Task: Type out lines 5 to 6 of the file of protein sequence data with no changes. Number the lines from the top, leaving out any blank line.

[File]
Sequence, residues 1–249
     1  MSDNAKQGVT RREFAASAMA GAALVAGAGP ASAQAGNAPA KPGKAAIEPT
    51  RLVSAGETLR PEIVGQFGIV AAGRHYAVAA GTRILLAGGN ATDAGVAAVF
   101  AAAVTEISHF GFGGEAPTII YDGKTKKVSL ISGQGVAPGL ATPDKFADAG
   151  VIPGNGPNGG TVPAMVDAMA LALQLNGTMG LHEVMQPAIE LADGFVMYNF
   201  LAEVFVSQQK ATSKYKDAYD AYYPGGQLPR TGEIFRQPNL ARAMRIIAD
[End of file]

   151  VIPGNGPNGG TVPAMVDAMA LALQLNGTMG LHEVMQPAIE LADGFVMYNF
   201  LAEVFVSQQK ATSKYKDAYD AYYPGGQLPR TGEIFRQPNL ARAMRIIAD